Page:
Disagreements in the care of critically ill children
Bioethics Briefing Note
The care and treatment of babies and young children who are critically ill often involves complexity and uncertainty, and disagreements can arise between parents and healthcare staff about the best course of action.1 Sometimes these disagreements become entrenched, and the courts are required to arbitrate and make a decision, a process that can protract the disagreement further. Recent high-profile court cases in the UK have highlighted the damaging effects that these kinds of disagreements can have on everyone involved.2
This briefing note summarises the possible causes of disagreements between parents and healthcare staff, focusing on decisions about the care of babies and young children who cannot express their own views.3 We discuss the changing social contexts in which these issues arise and make observations about action that might be taken to prevent or more quickly resolve disagreements in future.4
The full list of references can also be found in the PDF version.
1 There is limited evidence on the frequency and nature of these disagreements, and on how they arise. See, for example, Brierley J et al. (2013) Should religious beliefs be allowed to stonewall a secular approach to withdrawing and withholding treatment in children? J Med Ethics 39: 573–577; Forbat L et al. (2016) Conflict in a paediatric hospital: a prospective mixed-method study Arch Dis Child 101: 23–27; Shaw C et al. (2016) Parental involvement in neonatal critical care decision-making Sociol Health Illn 38: 1217-1242.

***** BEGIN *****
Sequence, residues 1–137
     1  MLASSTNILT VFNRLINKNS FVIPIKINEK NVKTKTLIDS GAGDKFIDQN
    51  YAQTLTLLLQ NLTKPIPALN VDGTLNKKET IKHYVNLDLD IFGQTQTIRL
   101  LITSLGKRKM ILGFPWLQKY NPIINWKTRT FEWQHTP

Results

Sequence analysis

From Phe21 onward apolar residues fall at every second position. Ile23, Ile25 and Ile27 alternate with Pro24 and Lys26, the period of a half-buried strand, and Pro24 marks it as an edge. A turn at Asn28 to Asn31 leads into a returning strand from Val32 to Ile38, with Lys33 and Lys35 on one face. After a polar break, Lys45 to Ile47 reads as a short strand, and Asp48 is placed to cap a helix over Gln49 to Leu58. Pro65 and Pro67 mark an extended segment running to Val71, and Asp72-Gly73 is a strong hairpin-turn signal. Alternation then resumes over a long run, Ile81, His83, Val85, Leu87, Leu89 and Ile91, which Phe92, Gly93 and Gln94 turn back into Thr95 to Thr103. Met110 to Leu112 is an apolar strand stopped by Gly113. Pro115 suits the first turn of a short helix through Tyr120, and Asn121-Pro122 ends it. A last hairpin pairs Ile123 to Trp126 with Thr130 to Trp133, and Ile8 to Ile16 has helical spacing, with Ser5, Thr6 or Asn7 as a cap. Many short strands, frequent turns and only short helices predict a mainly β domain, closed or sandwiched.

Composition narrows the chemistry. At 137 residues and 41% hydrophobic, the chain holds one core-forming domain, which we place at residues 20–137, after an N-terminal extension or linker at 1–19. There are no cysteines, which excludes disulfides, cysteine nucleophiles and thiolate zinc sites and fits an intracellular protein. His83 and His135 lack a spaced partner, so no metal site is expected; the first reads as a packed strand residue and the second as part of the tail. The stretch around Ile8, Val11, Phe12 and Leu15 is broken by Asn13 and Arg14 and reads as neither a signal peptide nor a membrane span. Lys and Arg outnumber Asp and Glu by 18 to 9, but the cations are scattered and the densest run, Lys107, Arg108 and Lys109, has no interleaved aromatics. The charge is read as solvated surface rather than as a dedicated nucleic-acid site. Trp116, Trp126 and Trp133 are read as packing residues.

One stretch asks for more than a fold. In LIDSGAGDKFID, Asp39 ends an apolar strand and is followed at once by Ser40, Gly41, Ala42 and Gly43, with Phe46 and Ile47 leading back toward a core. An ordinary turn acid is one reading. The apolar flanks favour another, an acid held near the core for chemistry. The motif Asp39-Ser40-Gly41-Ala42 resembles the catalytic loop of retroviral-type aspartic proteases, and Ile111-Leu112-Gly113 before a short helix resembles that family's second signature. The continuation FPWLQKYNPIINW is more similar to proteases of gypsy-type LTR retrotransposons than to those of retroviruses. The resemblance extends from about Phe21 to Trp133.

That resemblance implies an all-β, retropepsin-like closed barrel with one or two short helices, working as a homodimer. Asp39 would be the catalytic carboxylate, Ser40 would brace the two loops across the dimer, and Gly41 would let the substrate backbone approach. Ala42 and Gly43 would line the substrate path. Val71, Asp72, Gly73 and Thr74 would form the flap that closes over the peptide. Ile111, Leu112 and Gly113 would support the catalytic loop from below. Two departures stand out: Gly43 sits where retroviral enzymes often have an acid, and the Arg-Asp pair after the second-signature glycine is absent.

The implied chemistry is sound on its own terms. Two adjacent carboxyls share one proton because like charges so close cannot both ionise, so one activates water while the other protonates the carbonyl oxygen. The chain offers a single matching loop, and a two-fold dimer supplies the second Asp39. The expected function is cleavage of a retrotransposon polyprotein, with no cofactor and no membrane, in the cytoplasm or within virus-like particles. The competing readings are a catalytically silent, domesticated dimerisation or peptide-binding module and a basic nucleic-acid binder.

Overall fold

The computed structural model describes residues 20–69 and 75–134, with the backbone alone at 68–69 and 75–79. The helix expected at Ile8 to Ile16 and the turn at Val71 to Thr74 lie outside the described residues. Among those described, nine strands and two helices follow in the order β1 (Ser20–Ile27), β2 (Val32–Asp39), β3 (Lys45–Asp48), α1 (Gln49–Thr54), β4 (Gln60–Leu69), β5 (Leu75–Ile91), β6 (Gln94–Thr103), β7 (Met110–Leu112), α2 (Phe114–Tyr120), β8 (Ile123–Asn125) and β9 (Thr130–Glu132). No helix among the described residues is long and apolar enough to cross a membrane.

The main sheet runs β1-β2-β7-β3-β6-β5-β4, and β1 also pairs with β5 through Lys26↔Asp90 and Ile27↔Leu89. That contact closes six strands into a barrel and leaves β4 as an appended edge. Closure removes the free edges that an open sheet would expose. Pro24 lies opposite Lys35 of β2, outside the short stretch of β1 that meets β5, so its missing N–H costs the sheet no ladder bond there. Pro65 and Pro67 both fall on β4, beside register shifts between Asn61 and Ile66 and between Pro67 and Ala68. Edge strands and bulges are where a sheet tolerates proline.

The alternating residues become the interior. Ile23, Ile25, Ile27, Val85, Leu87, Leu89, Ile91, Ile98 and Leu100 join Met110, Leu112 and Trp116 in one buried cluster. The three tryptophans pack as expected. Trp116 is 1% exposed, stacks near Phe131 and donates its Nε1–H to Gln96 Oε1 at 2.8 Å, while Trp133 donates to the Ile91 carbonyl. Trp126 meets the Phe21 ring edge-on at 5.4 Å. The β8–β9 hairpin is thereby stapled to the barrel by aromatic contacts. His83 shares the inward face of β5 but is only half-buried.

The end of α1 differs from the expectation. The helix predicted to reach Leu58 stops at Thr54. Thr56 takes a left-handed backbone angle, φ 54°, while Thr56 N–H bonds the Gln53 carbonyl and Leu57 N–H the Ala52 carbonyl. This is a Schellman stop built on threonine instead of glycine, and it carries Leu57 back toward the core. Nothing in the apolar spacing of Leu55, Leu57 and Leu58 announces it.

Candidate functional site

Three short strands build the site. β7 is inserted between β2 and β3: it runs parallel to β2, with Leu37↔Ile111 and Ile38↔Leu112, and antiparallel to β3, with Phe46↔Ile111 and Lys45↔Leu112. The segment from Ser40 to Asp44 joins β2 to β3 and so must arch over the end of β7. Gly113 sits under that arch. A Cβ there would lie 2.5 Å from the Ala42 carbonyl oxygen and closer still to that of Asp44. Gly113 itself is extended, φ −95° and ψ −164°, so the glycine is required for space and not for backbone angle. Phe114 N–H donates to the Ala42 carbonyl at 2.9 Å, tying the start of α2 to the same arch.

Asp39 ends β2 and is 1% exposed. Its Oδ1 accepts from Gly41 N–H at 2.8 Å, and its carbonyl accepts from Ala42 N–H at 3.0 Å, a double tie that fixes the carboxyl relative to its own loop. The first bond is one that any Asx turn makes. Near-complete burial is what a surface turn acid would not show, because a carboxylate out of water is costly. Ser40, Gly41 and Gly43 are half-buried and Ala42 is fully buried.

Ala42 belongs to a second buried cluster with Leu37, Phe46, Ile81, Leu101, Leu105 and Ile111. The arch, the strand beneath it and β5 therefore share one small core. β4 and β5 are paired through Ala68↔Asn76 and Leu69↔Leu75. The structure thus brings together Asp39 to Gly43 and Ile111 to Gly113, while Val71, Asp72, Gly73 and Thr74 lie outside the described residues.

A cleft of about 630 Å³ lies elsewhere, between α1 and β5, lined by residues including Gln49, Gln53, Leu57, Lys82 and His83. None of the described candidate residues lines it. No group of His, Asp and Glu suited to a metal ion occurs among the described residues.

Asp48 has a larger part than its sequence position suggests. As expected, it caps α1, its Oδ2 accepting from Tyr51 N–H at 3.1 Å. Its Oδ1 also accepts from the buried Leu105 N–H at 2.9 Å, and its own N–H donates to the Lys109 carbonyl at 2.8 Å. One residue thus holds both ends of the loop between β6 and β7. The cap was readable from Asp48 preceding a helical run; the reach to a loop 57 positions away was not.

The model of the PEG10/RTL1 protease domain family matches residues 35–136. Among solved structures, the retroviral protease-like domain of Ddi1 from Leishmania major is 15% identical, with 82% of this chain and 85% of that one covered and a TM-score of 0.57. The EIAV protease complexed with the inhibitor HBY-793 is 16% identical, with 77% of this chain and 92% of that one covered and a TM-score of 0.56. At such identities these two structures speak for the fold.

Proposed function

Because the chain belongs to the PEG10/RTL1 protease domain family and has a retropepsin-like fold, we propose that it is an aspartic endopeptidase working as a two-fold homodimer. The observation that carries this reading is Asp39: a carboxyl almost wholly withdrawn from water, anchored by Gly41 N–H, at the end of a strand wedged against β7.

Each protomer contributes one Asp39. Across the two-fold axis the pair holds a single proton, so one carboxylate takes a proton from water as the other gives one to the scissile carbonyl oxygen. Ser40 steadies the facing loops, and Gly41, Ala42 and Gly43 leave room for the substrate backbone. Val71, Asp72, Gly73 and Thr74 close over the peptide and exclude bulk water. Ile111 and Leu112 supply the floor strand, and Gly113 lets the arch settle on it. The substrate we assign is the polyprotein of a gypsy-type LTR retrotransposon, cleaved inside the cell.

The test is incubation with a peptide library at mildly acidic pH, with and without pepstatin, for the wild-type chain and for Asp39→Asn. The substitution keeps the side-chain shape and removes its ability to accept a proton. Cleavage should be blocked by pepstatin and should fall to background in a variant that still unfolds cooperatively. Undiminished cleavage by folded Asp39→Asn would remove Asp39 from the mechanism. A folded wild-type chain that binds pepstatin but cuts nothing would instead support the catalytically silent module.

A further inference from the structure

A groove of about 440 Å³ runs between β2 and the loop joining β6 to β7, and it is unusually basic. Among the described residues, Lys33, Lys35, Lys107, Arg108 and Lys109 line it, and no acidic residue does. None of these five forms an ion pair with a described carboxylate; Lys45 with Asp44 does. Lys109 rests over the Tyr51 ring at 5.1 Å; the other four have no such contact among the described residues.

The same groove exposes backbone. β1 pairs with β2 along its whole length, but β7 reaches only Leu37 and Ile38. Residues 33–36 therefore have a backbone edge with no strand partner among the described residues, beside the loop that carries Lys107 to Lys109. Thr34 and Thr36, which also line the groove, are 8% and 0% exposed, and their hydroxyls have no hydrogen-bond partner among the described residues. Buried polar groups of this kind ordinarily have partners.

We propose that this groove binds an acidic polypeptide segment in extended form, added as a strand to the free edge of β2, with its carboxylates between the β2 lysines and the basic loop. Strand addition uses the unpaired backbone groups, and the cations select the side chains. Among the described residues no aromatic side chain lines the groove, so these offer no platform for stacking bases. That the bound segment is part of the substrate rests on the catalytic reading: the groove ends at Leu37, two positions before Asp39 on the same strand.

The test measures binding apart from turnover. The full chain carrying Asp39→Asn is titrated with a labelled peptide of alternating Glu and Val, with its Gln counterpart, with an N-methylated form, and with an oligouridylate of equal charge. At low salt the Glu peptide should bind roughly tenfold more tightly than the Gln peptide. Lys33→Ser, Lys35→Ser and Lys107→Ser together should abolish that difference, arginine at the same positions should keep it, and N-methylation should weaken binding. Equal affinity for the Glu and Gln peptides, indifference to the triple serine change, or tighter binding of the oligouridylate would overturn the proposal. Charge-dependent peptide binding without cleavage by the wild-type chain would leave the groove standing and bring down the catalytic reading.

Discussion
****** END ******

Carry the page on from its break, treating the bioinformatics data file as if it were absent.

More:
2 Alder Hey Children’s NHS Foundation Trust v Thomas Evans & Ors  EWHC 308 (Fam); Kings College Hospital NHS Foundation Trust v Takesha Thomas & Ors  EWHC 127 (Fam); Great Ormond Street Hospital v Constance Yates & Ors  EWHC 972 (Fam); Portsmouth City Council v Naghmeh King & Ors  EWHC 2964 (Fam).
3 A fuller discussion of law and practice in relation to decision making regarding the care and treatment of children and their involvement in research, including the participation of older children in the decision making process, can be found in Nuffield Council on Bioethics (2015) Children and clinical research: ethical issues.
4 This briefing note was informed by discussions that took place at a workshop held by the Nuffield Council on Bioethics in November 2018 which involved people with a range of expertise, including healthcare staff and parents of critically ill children; and two literature reviews commissioned by the Council.